Pellagra is mostly caused by a deficiency in niacin and tryptophan. Perhaps such deficiencies are behind many stomach complications. Yeast, milk, bran, almonds, and meats are all healthy niacin sources.
Pellagra is not genetic. It is caused by a shortage of niacin and tryptophan. This vitamin helps with skin and nervous system integrity. It’s pretty easy to prevent with a multivitamin and balanced diet. Deficiency can result in skin and nervous system problems.
What Is Pellagra?
Pellagra is a disease characterised by diarrhoea (a condition in which faeces are discharged from the bowels frequently and in a liquid form), dermatitis (skin irritation) and dementia (cognitive decline such as forgetfulness) due to deficiency of niacin (vitamin B-3). If pellagra is left untreated, it can result in death.
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For most cellular processes, niacin is very essential. Since tryptophan can be converted into niacin in the body in the diet, both of these need to be deficient for the development of pellagra. The skin features of pellagra include peeling, redness, scaling, thickening and spots due to sun exposure.
What Causes Pellagra?
Pellagra is caused by consuming very little dietary niacin or tryptophan. It can also occur if those nutrients are not properly absorbed or utilized by the body.
Pellagra may also develop due to:
- Excessive alcohol use
- Gastrointestinal diseases
- Weight loss (bariatric) surgery
- Carcinoid syndrome (a group of symptoms associated with tumours of the small intestine, colon, appendix, and bronchial tubes in the lungs)
- Certain medicines, such as isoniazid, 5-fluorouracil, 6-mercaptopurine
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People in the most isolated third world countries suffer from this disease, but alcoholics in developed countries tend to be prone to it. People who undergo surgery and are put on anaesthetic drugs to knock them out during surgery are at risk of having pellagra. During surgeries, the niacin is drained. Post surgery symptoms of pellagra are quite common but will subside when diet is balanced.
Pellagra Signs and Symptoms
The signs and symptoms of pellagra are usually referred to as the four “Ds”. They include Dermatitis, Diarrhea, Dementia and Death (if pellagra remains untreated). These signs and symptoms can further be broken down as follows:
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Dermatological (skin) Symptoms Of Pellagra
- Reddened skin: This is usually the first sign with superficial scaling in areas exposed to sunlight, heat and friction. This can look like severe sunburn and gradually subsides, leaving a dusky brown-red colour.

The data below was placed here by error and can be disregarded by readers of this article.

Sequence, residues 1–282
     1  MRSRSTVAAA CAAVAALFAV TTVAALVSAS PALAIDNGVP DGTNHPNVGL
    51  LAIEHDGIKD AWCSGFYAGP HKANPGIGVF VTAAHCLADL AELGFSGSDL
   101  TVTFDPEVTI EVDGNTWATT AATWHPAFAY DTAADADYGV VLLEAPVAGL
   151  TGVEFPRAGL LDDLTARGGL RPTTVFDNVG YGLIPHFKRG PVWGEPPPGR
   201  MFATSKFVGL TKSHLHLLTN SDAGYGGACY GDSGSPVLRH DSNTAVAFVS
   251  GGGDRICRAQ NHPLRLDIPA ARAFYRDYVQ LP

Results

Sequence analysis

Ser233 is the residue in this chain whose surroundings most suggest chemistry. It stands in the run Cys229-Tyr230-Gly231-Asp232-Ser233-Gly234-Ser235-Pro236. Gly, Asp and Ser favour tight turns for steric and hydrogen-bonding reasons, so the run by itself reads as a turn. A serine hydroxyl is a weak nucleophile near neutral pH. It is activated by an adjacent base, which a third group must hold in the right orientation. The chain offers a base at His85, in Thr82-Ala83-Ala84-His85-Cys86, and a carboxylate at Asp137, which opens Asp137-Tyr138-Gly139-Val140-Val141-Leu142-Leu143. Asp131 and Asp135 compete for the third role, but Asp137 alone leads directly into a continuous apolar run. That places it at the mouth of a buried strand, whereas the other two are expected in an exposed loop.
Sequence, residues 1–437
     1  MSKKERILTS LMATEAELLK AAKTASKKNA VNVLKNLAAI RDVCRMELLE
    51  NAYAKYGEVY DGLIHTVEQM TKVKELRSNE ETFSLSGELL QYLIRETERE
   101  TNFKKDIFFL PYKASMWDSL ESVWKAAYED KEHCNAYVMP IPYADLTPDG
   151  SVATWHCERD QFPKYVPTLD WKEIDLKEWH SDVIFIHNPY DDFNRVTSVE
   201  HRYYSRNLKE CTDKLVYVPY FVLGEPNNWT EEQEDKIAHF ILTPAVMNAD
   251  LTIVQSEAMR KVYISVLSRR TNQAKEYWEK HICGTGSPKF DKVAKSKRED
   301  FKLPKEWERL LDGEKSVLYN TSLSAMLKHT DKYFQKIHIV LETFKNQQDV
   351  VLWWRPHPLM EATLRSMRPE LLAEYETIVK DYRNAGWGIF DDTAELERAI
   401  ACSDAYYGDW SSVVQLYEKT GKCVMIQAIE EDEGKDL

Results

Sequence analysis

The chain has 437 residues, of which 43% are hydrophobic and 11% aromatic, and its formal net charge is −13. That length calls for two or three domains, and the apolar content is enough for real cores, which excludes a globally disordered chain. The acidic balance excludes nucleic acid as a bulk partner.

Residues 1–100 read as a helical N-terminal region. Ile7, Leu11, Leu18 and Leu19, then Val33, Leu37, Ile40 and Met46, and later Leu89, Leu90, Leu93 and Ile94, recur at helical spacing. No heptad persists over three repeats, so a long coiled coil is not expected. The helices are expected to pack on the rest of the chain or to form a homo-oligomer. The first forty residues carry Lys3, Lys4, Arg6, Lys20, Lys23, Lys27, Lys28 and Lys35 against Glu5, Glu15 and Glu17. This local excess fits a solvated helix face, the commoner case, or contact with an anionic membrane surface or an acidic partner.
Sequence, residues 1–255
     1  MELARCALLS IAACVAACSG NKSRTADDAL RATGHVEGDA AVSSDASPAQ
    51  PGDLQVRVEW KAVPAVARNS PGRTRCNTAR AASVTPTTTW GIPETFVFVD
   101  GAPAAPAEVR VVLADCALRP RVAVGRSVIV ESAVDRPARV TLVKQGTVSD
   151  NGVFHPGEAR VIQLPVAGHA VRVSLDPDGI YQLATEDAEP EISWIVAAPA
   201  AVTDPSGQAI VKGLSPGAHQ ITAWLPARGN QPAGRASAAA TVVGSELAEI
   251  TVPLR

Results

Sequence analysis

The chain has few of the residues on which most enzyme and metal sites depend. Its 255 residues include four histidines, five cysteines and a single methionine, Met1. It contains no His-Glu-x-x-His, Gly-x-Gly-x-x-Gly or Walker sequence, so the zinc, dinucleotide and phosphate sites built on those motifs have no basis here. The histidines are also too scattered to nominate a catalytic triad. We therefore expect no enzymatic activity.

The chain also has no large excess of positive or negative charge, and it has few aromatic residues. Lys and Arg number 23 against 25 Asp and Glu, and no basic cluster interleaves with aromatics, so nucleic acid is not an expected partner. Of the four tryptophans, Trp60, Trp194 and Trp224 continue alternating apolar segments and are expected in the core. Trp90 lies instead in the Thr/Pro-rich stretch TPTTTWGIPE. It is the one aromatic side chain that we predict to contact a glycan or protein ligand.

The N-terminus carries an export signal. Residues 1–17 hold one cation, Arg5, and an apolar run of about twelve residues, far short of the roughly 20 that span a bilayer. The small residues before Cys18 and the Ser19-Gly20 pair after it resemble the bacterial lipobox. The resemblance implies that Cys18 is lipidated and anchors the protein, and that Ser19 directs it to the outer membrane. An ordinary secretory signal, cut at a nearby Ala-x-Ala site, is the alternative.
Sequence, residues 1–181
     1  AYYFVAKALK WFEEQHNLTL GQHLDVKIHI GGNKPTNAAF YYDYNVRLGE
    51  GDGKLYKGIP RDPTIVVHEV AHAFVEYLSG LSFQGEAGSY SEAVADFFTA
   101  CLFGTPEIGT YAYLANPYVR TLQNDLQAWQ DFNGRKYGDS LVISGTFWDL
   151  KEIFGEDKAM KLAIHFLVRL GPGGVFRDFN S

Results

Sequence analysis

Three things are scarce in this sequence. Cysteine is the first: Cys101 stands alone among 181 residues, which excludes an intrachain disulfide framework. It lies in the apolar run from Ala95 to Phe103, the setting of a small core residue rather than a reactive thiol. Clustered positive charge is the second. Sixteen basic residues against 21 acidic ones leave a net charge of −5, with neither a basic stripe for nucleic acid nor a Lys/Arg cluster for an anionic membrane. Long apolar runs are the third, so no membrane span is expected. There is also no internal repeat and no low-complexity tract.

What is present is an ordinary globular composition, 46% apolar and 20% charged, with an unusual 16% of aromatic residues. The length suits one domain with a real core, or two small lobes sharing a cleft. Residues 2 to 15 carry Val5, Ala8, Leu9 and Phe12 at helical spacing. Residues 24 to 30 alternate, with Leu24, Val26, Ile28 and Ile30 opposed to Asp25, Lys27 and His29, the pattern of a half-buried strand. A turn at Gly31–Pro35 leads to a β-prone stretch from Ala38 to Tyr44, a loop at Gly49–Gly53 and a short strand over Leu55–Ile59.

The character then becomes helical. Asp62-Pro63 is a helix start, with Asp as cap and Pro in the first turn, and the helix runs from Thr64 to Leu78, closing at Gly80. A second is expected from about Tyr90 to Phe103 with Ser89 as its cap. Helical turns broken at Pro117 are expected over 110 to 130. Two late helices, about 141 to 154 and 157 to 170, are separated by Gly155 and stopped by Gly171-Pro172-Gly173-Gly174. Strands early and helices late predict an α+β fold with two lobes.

- Skin rash: This is also known as pellagra rash. Usually symmetrical with clear edges between affected and unaffected areas of the skin.
- Skin itching
- Burning sensation
- Thickened, hardened, scaly and cracked skin: This occurs as time goes on. Bleeding may result in blackened crusts.
- Skin Lesions: This may occur anywhere on the body especially on the hands, arms, lower legs, feet, face, and neck (known as Casal’s necklace).
- Lips, tongue and gums may become sore and start peeling.
Gastrointestinal Symptoms of Pellagra
- Diarrhoea: This occurs in 50% of cases.
- Lack of appetite
- Abdominal pain
- Malnutrition: Due to lack of appetite and difficulty in eating and drinking.
Neurological Symptoms Of Pellagra
- Apathy and slight depression: These are the initial neurological symptoms but may go unnoticed for long.
- Patients eventually become stuporous, comatose and may die if not given medical attention.
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How is Pellagra Treated?
During the treatment, the two major types of the pellagra (primary and secondary) are handled distinctly. The main treatment for primary pellagra (due to niacin deficiency) includes the supplementation of vitamin B3 to your diet. If the trigger is secondary (certain factors prevent the body from being able to access the niacin in the diet), alcoholism is the most common cause. Although, there are several other causes.
Is Pellagra Contagious?
Pellagra is not contagious, and the condition can be reversed. It is not considered an infectious disease.
What Is Pellagra Rash?
Skin problems related to pellagra usually causes a rash on the face, lips, feet, or hands. This rash is known as pellagra rash.
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Does Corn Cause Pellagra?
Corn does not cause Pellagra. However, pellagra is prevalent in poor areas of the world, including Africa and India, where maize is a staple diet. This is because corn is a poor source of niacin and tryptophan.
Pellagra is a disease caused by the deficiency of niacin and tryptophan. It is not genetic, contagious or infectious. Pellagra can easily be treated by eating foods or taking supplements rich in niacin. For secondary pellagra, the treatment entails correcting the cause of the problem. If left untreated, it can lead to death. Consult your health professional when in doubt.